Louis Pinnock is the film’s hero. He’s a proud man, who is hardworking and wants nothing more than to make a better life for his family. Yet at every turn, it seems that Louis is at a disadvantage. He’s uneducated, inarticulate and lives in a bad neighborhood with his wife and two children. It is through Louis that the audience is expected to experience a day in the life of blacks in America. Throughout the film Louis is confronted by issues that many people of color deal with everyday. Some of these are presented in an up front and in your face manner, while others are presented in subtle ways that may not be evident to everyone. The scene in which the police stop Louis for “resembling” a suspect in a crime and then beaten is one of the most vivid examples of the issues that minorities (usually young black and Latino men) deal with on a regular basis. This incident exposes two stereotypes that are prevalent in society today. The first is that all blacks look alike and the second is that all young black men are drug dealers, gang members or are involved in some other criminal activity. In addition, this scene shows how there are stereotypes on both sides of the coin. Many inner city inner city residents have a stereotype about police officers. They view the police not as protectors of the community, but as just the opposite; they are a part of the problem in the community. The stereotypes on both sides affect how each deal with the other. Many inner city residents are resentful of the police and behave defensively when approached by officers. And in doing so, the police officer will often times react in a similar manner. Police brutality is a hot topic, particularly in major urban areas such as Los Angeles and New York City. Discrimination in the workplace is another issue that is addressed in the film. Louis has worked at one of Thaddeus’ factories for years and has always gone out of his way to please his superiors and show that he is willing to take on more and more, yet he hadn’t been promoted. Ironically, it is that same willingness to go above and beyond the call of duty, which causes Louis to lose his job. After volunteering to deliver a package to Thaddeus’ home after work and with no additional pay, Louis finds himself without a job. While delivering the package to the Thomas resident, Louis inadvertently sees Thaddeus’ wife dressed in only a towel. Thaddeus in turn, witnesses this and causally asks Louis’ boss Lionel to make sure that he didn’t send Louis out to his house again for errands. Labeling Louis as a peeping Tom, Lionel goes beyond Thaddeus’ request and fires Louis. This incident is one way that the director shows us how a racial stereotype can affect how a person behaves. Lionel fired Louis because he believes him to be a peeping Tom and historically there has been a stereotype about black men being sexual predators. It is compounded in the case of black men and white women. Losing your job is a small price to pay considering that there have been incidences in which black men have been killed for looking at white women the wrong way.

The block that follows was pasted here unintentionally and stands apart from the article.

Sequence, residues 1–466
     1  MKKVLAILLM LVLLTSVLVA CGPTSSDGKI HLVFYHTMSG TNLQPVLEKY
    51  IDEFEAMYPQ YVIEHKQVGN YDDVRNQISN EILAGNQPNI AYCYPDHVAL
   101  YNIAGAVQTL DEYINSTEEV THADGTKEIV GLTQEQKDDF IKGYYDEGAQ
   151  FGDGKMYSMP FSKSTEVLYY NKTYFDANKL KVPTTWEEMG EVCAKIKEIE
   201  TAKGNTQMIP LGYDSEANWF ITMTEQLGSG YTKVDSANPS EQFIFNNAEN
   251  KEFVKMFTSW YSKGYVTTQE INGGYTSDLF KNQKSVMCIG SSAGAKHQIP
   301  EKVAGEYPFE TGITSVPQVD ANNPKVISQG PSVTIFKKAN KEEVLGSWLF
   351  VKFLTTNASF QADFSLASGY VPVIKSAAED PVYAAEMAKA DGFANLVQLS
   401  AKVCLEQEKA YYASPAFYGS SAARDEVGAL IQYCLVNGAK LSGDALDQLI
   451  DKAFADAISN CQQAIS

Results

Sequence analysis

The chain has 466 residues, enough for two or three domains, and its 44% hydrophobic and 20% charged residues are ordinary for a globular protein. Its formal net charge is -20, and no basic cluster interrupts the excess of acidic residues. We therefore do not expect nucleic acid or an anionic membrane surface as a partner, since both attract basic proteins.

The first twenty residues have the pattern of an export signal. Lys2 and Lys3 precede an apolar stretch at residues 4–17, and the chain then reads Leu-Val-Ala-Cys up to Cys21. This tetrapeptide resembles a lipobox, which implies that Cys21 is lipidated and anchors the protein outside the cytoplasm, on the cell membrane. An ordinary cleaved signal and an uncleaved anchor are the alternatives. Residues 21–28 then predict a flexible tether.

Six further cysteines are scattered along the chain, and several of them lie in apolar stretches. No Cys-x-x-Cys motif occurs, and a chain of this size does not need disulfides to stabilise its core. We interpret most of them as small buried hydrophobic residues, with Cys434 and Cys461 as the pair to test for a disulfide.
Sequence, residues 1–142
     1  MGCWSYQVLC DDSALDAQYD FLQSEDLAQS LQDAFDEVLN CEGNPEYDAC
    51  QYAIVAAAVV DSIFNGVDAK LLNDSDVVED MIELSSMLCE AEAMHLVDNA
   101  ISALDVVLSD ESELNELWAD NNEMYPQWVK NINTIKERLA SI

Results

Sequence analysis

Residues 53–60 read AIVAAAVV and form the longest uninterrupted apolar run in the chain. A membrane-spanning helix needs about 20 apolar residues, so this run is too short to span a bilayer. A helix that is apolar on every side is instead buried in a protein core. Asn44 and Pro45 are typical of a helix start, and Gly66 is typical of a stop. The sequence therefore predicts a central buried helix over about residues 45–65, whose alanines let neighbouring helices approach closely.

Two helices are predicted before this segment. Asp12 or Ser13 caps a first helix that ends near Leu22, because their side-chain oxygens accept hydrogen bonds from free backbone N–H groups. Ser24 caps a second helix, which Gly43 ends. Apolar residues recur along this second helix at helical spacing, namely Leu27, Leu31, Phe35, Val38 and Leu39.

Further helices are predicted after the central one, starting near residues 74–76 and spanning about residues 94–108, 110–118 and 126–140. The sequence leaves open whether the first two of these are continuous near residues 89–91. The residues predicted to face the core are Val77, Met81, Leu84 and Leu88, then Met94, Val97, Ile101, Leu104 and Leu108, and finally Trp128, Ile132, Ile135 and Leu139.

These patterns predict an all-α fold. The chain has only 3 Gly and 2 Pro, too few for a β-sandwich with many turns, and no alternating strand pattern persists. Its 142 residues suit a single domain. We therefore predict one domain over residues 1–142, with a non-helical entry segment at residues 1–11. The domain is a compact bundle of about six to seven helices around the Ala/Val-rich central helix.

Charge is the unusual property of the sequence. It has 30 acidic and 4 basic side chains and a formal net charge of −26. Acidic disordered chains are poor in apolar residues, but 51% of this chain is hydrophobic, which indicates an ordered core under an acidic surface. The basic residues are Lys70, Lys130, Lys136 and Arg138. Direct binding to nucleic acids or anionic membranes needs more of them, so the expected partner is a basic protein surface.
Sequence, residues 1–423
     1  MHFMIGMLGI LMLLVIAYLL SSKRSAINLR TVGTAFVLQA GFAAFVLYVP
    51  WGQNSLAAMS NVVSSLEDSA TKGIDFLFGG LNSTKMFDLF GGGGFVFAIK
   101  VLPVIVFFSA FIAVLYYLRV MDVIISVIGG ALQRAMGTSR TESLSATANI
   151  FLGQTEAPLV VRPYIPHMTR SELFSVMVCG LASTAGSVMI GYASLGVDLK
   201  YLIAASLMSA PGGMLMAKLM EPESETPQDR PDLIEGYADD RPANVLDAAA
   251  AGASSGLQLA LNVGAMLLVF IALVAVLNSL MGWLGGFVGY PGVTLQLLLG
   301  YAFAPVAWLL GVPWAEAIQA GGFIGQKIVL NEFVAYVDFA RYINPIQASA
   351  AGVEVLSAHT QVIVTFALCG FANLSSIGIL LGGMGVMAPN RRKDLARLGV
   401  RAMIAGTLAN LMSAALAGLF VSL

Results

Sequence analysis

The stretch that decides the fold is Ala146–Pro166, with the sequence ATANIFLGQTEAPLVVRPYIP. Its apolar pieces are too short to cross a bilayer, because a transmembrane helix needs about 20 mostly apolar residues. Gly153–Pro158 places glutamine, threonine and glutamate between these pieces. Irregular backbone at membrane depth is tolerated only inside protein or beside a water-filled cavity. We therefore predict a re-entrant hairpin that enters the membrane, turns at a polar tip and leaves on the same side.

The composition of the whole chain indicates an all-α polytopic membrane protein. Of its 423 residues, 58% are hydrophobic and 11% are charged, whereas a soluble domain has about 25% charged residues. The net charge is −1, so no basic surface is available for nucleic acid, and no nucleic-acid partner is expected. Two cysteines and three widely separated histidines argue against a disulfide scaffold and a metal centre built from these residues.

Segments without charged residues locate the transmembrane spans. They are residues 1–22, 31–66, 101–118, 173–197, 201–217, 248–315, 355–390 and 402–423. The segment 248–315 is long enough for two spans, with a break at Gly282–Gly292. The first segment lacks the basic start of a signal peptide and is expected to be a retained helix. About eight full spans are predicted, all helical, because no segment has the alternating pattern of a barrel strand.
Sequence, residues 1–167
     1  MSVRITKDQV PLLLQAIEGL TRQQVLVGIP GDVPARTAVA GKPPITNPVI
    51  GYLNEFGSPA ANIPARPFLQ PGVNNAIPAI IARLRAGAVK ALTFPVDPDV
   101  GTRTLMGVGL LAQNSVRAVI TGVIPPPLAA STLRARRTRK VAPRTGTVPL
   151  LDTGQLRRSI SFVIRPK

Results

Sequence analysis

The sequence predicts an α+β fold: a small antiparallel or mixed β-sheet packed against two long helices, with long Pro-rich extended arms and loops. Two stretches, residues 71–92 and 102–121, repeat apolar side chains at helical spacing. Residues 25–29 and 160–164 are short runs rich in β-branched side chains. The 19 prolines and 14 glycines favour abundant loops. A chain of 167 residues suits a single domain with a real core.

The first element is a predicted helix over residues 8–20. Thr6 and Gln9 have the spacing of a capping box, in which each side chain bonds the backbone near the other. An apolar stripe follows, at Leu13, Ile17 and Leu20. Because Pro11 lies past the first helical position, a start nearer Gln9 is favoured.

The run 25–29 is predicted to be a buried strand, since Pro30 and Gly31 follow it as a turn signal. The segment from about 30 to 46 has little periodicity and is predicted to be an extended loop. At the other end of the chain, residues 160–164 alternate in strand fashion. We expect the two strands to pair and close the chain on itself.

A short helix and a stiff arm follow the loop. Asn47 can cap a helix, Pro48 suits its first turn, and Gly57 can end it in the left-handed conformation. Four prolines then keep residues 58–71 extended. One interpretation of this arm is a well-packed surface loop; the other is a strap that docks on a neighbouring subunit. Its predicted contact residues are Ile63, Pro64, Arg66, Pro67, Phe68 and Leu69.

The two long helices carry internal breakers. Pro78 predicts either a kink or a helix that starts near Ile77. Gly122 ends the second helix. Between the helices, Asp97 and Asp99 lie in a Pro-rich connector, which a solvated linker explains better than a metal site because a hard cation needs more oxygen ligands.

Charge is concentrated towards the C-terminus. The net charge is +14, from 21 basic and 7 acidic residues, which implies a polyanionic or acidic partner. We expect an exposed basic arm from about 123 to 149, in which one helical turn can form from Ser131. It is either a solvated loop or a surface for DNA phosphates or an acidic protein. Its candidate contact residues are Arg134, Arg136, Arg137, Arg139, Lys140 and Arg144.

Later in the film, the director again chooses not to address an issue head on, but in a subtler manner. In this instance he makes reference to the problem of media portrayals of minorities, and the overall lack of positive minority role models in film and television. The stereotypical beliefs that Thaddeus and others have about the poor and minorities are often times reinforced by the way media portrays them on television. In the film there is a very brief scene where Louis is watching television. As he channel surfs, you can’t help but notice how all the news clips had stories dealing with crime, and each time the criminal pictured was a white man. In addition, none of the television shows or commercials had whites acting in them. This can be seen as a major way that the ruling class reinforces and defines the culture. To show how the media can affect the way that minorities view themselves, the director uses Louis’s son. The only thing that Louis’ son wants for his birthday is an action figure a superhero from a cartoon. The superhero in this case is a black man; Louis is disturbed by the fact that his son doesn’t want the white superhero figure. As the mother of two children, I can relate to how Louis felt. Until recently, there have been few characters either in cartoons or children’s shows that can be labeled positive role models.
Unfortunately, many of the negative stereotypes and attitudes seen in the film are prevalent in society today. There are still those who believe that some minorities are genetically inferior, both morally and intellectually. Stereotypes about the poor and minorities being either too lazy to work, or that they prefer to collect welfare can be heard in many a campaign speech. It isn’t often that Hollywood deals with these issues in a serious manner. More often than not, Hollywood perpetuates the stereotypes of minorities, the poor, and on occasion, the rich. Overall, I think that Desmond Nakano effectively gives the viewing audience an often too realistic view of American society.